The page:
Penang is a foodie’s paradise. The island has been listed multiple times as one of Asia’s Top 10 Street Food Cities, despite technically not being a city. A large part of that focus on the gourmet goes to its durian, with street stalls selling highly rated and priced durians all over Georgetown.
But while its easy to visit only restaurants and fancy durian stalls during your stay on Penang, it’s a great experience to get back to the basics: the traditional wet market.
Jelutong Market is the largest, most chaotic and oldest market on Penang. Every morning and evening the bustling outdoor market shuts down a major throughway to
spread vegetables, fruits and durians across the tarmac. It’s a labyrinth of fresh produce, funky smelling herbal medicine, plastic trinkets and steaming trays of traditional street foods.
It’s also a great place to pick up cheap durian. If you’ve been paying through your teeth for Red Prawn, a trip to Jelutong Market may give your pockets some relief.
When I say cheap, I mean cheap. You won’t find durian for prices like this anywhere else on the island.
At Jelutong Market, you can buy fresh durians for as little as 50 Malaysian cents each. These are the unnamed, wild varieties of durian known as kampung, or village durian. They’re no Red Prawns, but they’re fun because each one tastes different. It’s like the chocolate candy box where none of the truffles are labeled – all a delicious surprise.
And while kampung durians can be bought for pennies almost anywhere in Malaysia, they’re often days old and turning to vinegar. These are fresh, Penang quality. Just look at the bright green color of the stem of the durian in the bottom left corner.
While durians are definitely not the focus of the market, at least during the season, durians have an almost uncanny presence. They can be spotted almost everywhere, propped on piles of vegetables, hidden half-opened between pots, and hanging in unlikely places.
Street food almost has a bigger presence than the fresh ingredients, with hawker carts of steaming bowls of noodles interlaced between the piles of vegetables and fruits. The market has actually become as famous for its food as it is for being a large, vibrant market place and many of the small cafes and restaurants lining the streets are popular places to grab a late breakfast and a hot cup of kopi.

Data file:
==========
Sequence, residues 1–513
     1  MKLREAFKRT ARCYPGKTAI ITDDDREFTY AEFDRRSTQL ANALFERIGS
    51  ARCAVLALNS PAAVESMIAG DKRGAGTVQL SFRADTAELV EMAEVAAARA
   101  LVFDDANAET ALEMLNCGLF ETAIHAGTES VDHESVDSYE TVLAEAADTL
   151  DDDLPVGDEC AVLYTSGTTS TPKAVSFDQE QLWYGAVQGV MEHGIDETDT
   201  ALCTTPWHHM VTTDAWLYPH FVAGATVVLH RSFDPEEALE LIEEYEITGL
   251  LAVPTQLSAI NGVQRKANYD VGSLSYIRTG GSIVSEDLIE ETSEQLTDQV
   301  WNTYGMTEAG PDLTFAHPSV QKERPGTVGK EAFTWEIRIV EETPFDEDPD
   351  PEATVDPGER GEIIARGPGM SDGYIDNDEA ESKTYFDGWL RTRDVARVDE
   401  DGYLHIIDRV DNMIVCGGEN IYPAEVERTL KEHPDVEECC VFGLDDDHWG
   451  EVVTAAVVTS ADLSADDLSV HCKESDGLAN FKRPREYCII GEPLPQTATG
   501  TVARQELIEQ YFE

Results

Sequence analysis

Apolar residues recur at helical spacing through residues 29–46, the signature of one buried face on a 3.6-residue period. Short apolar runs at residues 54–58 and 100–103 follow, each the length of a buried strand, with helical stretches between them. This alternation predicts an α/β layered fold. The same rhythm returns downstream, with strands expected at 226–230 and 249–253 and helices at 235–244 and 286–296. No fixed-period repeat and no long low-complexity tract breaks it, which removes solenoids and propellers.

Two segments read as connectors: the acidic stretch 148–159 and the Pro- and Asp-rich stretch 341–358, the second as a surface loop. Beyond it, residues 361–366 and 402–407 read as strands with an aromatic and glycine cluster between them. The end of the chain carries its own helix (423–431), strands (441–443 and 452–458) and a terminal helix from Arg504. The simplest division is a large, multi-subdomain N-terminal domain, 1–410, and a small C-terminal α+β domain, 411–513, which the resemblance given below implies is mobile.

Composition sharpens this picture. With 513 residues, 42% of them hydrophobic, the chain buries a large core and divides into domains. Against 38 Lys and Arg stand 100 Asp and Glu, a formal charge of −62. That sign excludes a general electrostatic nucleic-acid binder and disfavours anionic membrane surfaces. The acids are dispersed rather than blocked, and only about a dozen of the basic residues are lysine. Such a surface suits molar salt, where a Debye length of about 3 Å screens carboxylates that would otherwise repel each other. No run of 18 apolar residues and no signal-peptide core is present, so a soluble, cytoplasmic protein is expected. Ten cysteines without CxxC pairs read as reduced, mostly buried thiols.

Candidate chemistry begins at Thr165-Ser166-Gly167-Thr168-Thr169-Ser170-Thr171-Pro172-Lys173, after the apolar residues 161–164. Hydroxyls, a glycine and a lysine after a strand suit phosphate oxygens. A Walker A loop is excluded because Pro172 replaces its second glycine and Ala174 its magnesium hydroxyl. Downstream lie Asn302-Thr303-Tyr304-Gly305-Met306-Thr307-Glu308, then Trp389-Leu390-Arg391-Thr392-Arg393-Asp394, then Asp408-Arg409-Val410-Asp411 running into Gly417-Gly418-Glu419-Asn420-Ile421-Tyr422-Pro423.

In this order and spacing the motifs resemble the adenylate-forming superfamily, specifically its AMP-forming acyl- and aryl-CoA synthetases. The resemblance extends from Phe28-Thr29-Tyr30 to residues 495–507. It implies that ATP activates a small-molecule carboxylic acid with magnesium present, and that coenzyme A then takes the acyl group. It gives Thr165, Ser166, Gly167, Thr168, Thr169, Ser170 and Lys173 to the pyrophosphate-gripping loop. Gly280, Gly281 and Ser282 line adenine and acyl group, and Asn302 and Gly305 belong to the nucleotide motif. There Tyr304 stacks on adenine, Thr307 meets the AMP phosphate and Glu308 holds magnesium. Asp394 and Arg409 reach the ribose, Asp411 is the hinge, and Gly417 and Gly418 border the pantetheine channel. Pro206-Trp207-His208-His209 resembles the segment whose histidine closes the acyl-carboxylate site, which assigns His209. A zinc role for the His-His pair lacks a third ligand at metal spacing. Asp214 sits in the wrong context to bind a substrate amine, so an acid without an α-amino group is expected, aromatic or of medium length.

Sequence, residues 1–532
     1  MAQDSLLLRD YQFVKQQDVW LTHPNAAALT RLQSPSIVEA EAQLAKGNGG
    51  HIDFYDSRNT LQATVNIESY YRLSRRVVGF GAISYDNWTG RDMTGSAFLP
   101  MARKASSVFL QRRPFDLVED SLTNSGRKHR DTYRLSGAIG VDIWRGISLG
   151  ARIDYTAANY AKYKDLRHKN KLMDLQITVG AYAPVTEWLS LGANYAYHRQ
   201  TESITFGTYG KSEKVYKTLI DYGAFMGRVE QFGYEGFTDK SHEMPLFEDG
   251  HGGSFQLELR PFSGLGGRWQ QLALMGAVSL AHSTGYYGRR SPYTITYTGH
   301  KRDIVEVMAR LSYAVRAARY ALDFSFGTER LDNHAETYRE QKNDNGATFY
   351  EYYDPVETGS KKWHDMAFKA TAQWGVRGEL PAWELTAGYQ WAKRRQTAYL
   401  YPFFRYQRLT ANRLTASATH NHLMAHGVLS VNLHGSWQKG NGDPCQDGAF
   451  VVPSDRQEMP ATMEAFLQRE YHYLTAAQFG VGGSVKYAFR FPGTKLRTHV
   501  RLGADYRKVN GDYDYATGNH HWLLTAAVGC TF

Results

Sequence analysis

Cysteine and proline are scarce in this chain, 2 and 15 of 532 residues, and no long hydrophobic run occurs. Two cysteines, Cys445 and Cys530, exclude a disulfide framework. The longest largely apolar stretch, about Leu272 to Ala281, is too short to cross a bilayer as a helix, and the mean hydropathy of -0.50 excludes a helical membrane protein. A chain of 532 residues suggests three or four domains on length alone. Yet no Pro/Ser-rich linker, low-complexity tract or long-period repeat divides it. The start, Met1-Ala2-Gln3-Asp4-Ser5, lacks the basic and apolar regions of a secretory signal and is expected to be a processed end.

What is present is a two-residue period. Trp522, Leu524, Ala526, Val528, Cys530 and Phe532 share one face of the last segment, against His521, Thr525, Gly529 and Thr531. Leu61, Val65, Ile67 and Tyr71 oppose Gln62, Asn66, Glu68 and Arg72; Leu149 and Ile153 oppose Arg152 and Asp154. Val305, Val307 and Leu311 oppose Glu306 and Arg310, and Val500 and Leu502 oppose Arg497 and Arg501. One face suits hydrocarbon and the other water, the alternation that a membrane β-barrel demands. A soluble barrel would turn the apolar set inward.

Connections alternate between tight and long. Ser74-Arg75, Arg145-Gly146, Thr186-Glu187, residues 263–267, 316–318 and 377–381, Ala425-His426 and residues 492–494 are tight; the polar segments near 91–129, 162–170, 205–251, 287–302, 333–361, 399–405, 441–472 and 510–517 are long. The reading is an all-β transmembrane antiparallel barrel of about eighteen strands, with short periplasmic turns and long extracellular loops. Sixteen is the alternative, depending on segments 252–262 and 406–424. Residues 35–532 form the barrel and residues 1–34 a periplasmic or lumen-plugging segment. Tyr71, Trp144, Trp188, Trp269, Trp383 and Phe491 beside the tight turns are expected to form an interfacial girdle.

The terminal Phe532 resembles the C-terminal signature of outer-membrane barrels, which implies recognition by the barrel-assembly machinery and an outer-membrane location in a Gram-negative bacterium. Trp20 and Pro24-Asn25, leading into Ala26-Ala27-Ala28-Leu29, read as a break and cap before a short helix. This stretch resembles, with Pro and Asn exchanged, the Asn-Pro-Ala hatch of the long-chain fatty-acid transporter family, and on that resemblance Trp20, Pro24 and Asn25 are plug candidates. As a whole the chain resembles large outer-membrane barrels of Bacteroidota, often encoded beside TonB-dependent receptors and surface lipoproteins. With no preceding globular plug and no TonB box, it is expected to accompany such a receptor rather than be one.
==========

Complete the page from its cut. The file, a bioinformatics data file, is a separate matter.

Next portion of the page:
Penang’s foodie culture developed from the unique blending of five
Chinese ethnic groups with Indian, Malay and Sumatran influences that
each have their own culinary styles. The melting pot was evident even to me as I wandered the narrow aisles looking for durian past restaurants boasting the best Wan Tan Mee, Hokkien noodles, or Nasi Kandar, a Muslim Indian rice dish.
When it started raining hard, we took shelter at this Indian coconut stall, and watched him expertly hack open coconuts with a knife that looked like a saber. He also sold freshly made coconut milk, a thick, slightly salty liquid that blended perfectly with the durian we bought later to make a rich sauce like alfredo.
Spread On The Ground
The hard thing about Jelutong Market is there’s interesting things to see in every direction, including down. The majority of fresh vegetables and fruits are spread on tarps on the pavement, meaning that you need to watch your feet as well as the dodging the crowds.
If you’re coming from a Western country, vegetables themselves deserve some time to gawk. You’ll see so many different forms of vegetables that we don’t have, or at least aren’t common outside of the Asian grocer. You’ll find sweet potato leaves, different kinds of bok choy, eggplants ranging in color from dark purple to lavender to pearly white, and many things that look like a strange cross between a cucumber and a gourd, intermixed with the baskets of chiles and the chilies and gingers necessary for most local cuisine.
It’s with the vegetables that you’ll find the cheapest durians, as they most likely fell from the backyard trees of the veggie vendors.
Some vendors sell packets of the higher quality durians, mostly Red Prawn and Musang King. Since by this point we were getting hungry, we decided to indulge in some Musang King.
I mean, who could really resist these wrinkles?
It was only 15 RM for a packet piled high, which really is a pretty good price for Musang King.
Which made me wonder…the funny thing about Musang King on Penang is that it tends to be fleshier, softer and more wrinkly than Musang King on the mainland. I’m not sure if it’s the special climate in Penang that changes the durian, or if the durian is actually a close relative of the real Musang King. I’ve examined the durian shell, and I have my thoughts.
But whatever it is, it was a perfectly bitter way to wait out a rainstorm with friends.
It was so good, we abandoned our plans to head up Penang Hill to go durian hunting in Georgetown instead. The rain might have influenced us a little bit. But just a little bit. Mostly it was the durian.
More about our Georgetown Durian Tour in a coming post.
Getting To Jelutong Market
The main Jelutong Market building is on Jalan Penaga, just off Jalan Jelutong, but the market now sprawls down Lorong Ipoh as well.
Jalan Jelutong is a major road that used to be the main throughway connecting Georgetown to the airport in Bayan Lepas before the Lim Chong Eu Expressway was built. A number of Rapid Penang buses pass by the market, which are mentioned on my friend Tim’s excellent Penang blog.
From Komptar, taking the bus takes about an hour. If you’re traveling with friends, a better option is to take a taxi, which cost us 20 RM and about 15 minutes of our time.
If you want to learn more about Penang’s foodie culture or just get your hands on some cheap durian, Jelutong Market is a fun morning outing. And a great place for a durian breakfast.